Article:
How will the new SQE super exam affect graduates?
Currently, to qualify as a solicitor you must do a law degree – or a non-law degree followed by a conversion course (a GDL or CPE) – before completing the legal practice course (LPC) and training contract. Alternative routes are open to those who have qualifications from the Chartered Institute of Legal Executives (CILEx) or who have already qualified in another jurisdiction.
The Solicitors Regulation Authority (SRA) has announced that it will introduce a new standardised assessment – the solicitors qualifying examination or SQE – in 2020 to replace the current system. There is some speculation that this date could move later but, for now, 2020 is the SRA's target date. The new system is designed to make the standard of qualification consistent – all aspiring solicitors, no matter which route they take, will sit the SQE stages one and two. The SRA hopes that this new route will make qualification more accessible by lowering the cost of study compared to the current graduate diploma in law (GDL) and legal practice course (LPC).
Will the new law super-exam affect you if you are already on a law degree, GDL or CPE? How will the SQE affect 2020 graduates?
If you have already started a qualifying law degree, a law conversion course or LPC before September 2020, you will have the option to qualify via the existing route or you can choose to take the new route – the SQE. Nothing changes for you unless you opt for the new route.
If you start your law degree, conversion course or LPC between now and August 2020, you can stick with the current system or choose to do the SQE. From September 2020, all would-be solicitors who haven’t started a law degree, conversion course or LPC will need to qualify using the SQE.
I’m a non-law student. Will I need to do a law conversion course before the super-exam?
Under the new system, non-law graduates must decide themselves whether they need to complete a law conversion course (and incur the extra cost that involves) to gain the knowledge to sit the stage one SQE exam.
Will I still need to do a two-year training contract or ‘period of recognised training’ with a law firm?
Not necessarily. The new system is designed to offer flexibility when it comes to work experience. You will still be required to complete pre-qualification legal work experience but it needn’t be in the form of a traditional training contract at a law firm. Other qualifying work experience – such as a law apprenticeship, a paralegal job, a work placement as part of a sandwich degree or volunteering in a student law clinic – is likely to count. However, the finer details are yet to be finalised on this so do check with the SRA before concluding that you can rely on your law clinic experience.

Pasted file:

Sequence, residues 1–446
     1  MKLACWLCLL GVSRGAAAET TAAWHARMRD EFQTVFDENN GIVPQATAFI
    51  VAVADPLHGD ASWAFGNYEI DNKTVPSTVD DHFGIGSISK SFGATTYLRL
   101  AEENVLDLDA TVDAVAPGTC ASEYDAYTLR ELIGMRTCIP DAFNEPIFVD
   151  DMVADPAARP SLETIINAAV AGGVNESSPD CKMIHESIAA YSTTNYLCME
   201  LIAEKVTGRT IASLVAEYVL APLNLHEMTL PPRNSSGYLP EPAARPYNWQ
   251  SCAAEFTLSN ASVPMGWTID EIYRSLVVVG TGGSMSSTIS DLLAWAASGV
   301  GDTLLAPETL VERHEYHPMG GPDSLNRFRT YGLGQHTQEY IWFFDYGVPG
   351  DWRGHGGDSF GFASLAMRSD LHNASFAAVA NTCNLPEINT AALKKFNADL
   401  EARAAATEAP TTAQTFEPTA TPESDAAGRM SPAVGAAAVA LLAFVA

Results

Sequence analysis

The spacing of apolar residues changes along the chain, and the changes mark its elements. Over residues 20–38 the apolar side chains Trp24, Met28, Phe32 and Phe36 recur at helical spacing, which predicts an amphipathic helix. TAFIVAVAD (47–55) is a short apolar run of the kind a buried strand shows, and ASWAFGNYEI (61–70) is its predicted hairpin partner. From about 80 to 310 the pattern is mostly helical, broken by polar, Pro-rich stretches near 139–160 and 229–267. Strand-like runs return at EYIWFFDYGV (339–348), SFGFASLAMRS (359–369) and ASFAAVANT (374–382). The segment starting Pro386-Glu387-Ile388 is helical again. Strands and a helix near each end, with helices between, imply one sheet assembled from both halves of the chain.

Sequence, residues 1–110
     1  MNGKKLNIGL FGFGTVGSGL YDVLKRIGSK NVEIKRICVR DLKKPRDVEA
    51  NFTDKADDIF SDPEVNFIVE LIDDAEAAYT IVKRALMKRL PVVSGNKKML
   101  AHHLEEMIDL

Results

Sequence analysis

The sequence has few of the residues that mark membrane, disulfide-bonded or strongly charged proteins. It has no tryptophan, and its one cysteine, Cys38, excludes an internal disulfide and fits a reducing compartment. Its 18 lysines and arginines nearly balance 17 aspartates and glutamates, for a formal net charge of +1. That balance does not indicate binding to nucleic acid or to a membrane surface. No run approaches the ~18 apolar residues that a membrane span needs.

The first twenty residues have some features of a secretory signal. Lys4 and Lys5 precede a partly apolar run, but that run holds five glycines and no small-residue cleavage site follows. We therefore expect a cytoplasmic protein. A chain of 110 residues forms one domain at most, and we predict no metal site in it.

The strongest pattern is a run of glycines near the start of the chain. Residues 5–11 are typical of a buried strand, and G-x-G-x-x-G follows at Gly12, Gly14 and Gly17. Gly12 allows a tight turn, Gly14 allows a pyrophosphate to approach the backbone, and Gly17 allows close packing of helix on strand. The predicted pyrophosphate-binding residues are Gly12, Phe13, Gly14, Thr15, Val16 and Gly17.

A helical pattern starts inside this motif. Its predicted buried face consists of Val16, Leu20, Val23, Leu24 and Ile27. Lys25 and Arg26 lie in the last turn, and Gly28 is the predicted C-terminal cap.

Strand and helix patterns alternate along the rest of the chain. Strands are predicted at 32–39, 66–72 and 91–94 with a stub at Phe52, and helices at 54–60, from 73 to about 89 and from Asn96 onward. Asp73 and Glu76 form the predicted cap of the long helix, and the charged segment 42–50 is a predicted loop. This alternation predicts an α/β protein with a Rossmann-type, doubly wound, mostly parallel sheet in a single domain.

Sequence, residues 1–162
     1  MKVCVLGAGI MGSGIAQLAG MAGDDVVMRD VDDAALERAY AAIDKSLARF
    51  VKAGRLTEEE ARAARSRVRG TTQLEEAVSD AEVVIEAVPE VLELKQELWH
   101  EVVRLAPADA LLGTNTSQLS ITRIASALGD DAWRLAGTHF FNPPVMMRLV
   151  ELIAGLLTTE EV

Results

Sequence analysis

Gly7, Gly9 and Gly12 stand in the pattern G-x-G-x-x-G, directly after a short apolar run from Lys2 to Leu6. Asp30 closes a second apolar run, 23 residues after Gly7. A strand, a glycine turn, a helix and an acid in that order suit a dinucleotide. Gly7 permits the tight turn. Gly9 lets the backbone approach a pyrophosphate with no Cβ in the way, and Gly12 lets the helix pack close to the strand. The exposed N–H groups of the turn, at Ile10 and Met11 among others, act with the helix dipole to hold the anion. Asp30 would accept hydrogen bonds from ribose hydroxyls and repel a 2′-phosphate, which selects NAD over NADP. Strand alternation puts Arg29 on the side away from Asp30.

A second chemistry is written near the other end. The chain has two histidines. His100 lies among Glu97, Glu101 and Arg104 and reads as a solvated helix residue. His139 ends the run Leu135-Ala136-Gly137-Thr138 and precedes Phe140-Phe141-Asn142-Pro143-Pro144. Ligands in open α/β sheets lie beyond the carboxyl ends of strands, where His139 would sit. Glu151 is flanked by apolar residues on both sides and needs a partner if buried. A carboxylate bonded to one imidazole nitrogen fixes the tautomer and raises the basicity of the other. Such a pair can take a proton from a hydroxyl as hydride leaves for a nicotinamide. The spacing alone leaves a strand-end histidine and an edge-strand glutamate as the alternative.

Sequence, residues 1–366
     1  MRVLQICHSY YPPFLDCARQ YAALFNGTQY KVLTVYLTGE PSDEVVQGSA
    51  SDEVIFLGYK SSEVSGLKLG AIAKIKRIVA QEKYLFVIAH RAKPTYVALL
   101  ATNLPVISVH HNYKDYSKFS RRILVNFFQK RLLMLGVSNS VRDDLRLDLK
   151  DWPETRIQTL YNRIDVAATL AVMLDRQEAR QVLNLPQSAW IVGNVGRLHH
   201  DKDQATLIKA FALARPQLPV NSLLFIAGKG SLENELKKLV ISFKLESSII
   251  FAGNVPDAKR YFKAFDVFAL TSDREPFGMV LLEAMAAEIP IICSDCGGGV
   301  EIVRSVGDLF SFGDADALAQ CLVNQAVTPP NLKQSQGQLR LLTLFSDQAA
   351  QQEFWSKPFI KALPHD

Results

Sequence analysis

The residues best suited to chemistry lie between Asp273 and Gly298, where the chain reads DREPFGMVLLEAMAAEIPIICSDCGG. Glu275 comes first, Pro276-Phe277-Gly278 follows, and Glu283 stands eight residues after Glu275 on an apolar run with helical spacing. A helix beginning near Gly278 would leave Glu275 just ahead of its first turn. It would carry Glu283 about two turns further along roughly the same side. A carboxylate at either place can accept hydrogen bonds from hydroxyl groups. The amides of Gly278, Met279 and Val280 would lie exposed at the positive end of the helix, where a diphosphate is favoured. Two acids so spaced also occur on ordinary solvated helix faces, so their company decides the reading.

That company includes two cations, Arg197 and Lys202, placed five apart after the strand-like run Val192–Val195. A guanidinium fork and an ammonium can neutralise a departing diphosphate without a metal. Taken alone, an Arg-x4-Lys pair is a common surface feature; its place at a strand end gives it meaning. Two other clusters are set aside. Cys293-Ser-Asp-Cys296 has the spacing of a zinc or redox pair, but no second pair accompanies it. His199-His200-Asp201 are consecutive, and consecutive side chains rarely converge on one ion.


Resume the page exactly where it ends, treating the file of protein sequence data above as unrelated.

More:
What are the requirements for qualifying as a solicitor via the SQE?
To be able to qualify as a solicitor in the future, individuals will need to:
- hold an undergraduate degree or complete a legal apprenticeship
- have completed two years' qualifying work experience, in up to four organisations. There is no minimum time individuals will need to have spent in these organisations and the experience does not need to be of equal length
- meet certain character and suitability requirements.
Whether you need the character and suitability requirements before starting the SQE is yet to be ironed out - having them before qualifying is the important element.
The SQE assessment will be divided into two stages. The first stage will examine an aspiring solicitor’s ability to apply legal knowledge, such as criminal law, contract law and tort. Both law and non-law graduates will be required to complete stage one of the SQE.
The second stage of the new SQE – and the fees are the more expensive of the two stages – will test a candidate’s legal skills (eg client interviewing, legal drafting and advocacy). The SRA (the regulatory arm of the Law Society) expects many candidates will take SQE stage one before their work-based experience, and SQE stage two at the end of their work experience.
Students will either pass or fail the SQE – there will be no distinctions or commendations.
Why has the Solicitors Regulation Authority (SRA) introduced these changes to legal education?
The aim is to guarantee consistently high standards and quality at the entry point to the profession. Currently, the GDL and LPC exams are set and graded by the individual course providers themselves, such as The University of Law, BPP and Cardiff Law School, and the standards (as well as the costs) can vary from course provider to course provider.
‘The SRA has put in place the principles and frameworks for the new qualification route and the transition to SQE,’ explains Juliet Tomlinson, careers adviser at the University of Oxford and member of AGCAS Legal Professional Task Group. ‘Many of the details though are still being worked on in consultation with legal professionals and educational institutions. The appointment of an assessor for the SQE is anticipated for spring 2018 and this will allow law firms, course providers and others to create more specific plans for the education and training of future solicitors.’
Breaking news: on 8 March 2018, the Legal Services Board (LSB) put off (for the second time) making a decision on whether or not to approve plans for the SQE after the proposals came under fresh criticism. The LSB has said that it will make a decision on 12 April 2018.